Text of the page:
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Sharing Research in Our Field February 15, 2013

Posted by Heather Moorefield-Lang in Committees, School Library Research.
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The AASL Research and Statistics Committee continue to share new articles and research in the field of school librarianship. We hope that you have enjoyed past posts so far. If there is an article that you would like to see included please list the title in the comments and we will discuss it in upcoming posts.

1. Moeller, R., & Irwin, M. (2012). Seeing the same: A follow-up study on the portrayals of disability in graphic novels read by young adults. School Library Research, 15, 1-15.

To follow up on the very popular January/February issue of Knowledge Quest based on Graphic Novels this article is a great one to discuss for this month’s blog post. In 2010 Irwin and Moeller pursued a study looking at whether individuals with disabilities were represented in graphic novels. This article is a follow- up to their 2010 study looking at various aspects of disabilities and their portrayal in graphic novels. Questions asked include do the graphic novels include individuals with disabilities, what are the most common disabilities featured, are the portrayals positive or negative and much more? With graphic novels being so prevalent in our libraries this is an incredibly important and timely read.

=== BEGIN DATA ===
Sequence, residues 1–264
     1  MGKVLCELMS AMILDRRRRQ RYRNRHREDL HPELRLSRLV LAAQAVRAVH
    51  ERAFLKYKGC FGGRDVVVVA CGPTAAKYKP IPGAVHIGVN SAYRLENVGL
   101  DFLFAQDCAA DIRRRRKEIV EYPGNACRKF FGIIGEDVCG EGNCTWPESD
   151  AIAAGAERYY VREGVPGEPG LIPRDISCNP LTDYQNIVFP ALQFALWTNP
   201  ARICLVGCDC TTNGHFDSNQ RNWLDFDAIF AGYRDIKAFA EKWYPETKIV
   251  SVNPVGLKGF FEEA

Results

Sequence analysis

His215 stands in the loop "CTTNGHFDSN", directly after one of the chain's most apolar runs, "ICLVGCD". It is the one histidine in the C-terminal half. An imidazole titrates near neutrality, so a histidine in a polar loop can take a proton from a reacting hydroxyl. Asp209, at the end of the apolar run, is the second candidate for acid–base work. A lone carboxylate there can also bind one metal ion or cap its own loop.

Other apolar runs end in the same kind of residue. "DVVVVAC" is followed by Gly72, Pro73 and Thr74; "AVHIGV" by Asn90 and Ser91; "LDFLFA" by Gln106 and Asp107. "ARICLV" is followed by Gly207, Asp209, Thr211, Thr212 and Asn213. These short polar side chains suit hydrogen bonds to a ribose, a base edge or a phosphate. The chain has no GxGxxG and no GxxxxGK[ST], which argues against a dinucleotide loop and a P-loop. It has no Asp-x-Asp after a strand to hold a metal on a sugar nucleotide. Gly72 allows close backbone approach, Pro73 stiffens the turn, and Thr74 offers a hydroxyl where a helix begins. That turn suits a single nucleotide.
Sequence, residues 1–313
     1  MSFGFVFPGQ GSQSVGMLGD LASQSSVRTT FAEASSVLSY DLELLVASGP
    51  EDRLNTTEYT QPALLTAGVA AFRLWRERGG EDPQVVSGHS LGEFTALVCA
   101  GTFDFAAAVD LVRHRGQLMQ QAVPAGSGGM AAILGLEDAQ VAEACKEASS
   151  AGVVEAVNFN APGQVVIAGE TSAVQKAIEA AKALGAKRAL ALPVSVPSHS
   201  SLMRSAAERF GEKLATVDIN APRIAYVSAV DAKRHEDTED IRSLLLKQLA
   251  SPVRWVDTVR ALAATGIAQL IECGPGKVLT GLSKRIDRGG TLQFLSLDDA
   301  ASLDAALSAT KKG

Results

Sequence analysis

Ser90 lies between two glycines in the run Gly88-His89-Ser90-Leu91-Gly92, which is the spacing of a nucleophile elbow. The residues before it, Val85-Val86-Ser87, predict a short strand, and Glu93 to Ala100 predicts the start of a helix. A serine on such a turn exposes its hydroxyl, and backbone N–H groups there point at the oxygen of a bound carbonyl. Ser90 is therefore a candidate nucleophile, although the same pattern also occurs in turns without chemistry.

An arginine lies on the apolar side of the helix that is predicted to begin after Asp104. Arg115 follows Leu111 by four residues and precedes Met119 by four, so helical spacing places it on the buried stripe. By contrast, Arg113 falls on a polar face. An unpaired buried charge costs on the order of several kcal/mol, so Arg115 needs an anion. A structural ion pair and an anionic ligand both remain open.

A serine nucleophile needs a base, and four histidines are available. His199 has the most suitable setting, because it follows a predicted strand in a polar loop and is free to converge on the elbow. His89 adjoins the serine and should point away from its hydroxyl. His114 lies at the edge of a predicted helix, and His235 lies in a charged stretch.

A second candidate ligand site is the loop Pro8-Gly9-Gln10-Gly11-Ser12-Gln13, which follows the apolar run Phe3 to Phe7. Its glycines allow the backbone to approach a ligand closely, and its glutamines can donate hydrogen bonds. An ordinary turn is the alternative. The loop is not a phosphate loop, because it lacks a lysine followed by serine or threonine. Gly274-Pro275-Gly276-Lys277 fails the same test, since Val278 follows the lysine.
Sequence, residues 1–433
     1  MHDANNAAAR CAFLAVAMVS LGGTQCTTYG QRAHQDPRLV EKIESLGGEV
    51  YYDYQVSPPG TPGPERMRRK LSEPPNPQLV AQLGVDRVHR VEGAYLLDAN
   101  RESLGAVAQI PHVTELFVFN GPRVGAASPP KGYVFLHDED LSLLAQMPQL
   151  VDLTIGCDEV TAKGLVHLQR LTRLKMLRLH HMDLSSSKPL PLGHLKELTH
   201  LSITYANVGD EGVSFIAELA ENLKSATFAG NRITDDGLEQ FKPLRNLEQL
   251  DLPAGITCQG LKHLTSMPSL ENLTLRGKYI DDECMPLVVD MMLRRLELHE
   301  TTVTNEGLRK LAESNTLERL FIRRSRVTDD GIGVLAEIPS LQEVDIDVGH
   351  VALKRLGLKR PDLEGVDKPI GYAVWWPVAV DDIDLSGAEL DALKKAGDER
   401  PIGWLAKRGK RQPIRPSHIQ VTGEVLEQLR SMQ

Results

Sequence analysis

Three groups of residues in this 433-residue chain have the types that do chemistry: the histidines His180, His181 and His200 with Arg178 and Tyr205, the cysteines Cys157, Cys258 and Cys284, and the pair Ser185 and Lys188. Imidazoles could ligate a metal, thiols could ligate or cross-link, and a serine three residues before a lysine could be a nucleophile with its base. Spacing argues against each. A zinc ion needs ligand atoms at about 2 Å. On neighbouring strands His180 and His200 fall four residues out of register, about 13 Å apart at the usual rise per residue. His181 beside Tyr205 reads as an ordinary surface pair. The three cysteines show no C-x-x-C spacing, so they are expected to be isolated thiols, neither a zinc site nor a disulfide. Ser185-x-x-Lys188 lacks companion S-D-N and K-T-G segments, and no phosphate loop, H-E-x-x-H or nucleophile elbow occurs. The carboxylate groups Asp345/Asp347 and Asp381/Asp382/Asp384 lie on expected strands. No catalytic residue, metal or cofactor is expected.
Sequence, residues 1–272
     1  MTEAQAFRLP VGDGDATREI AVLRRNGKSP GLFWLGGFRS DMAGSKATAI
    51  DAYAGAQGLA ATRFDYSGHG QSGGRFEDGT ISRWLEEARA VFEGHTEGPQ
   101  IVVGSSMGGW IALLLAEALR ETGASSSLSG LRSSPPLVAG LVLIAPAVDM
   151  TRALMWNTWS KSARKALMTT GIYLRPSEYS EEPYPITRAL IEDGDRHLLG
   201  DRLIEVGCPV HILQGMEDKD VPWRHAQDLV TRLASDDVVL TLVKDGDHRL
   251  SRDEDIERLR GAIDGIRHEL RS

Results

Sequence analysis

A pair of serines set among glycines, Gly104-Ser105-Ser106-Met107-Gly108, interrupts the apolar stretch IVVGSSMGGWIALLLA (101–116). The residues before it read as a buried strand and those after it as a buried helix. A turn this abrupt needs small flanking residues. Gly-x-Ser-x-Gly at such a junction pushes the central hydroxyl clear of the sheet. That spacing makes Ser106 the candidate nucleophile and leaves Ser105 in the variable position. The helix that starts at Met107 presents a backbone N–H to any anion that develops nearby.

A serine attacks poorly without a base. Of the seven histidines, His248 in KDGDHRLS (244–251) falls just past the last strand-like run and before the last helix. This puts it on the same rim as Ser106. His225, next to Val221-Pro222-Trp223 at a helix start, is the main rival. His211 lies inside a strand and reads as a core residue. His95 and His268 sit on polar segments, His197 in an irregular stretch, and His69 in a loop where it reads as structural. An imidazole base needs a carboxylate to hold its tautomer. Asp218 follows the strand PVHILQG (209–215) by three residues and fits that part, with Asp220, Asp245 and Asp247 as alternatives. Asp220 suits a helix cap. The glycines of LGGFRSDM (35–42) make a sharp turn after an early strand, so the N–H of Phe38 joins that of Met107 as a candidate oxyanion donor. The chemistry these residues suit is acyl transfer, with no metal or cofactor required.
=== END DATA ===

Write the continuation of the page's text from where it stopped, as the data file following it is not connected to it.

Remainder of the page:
2. Jonker, T. (2012). The fun of “found poetry.” Children & Libraries: The Journal of The Association For Library Service To Children, 10(3), 64.

This is a short article based on writing poems from the spines of books but it is a great practical piece that is very timely with National Poetry Month coming up soon. Your students will love pulling books with fun covers and spines, they will enjoy creating poetry from the titles, and it’s a fun idea brought to us by Jonker the creator of the blog 100 Scope Notes.

3. Todd, R. J. (2012). Visibility, core standards, and the power of the story: Creating a visible future for school libraries. Teacher Librarian, 39(6), 8-14.

In this article Todd speaks on the power of the story when documenting the importance of the library in schools. Visibility and making sure that as librarians we are seen in our schools is of vital importance. Todd speaks on librarians, their vision for schools, partnerships with teachers, administration, and the school as a whole. The librarians in this article see themselves as co-teachers in the school. Read the article to see more about their story.

Heather Moorefield-Lang: AASL Research and Statistics Committee Member

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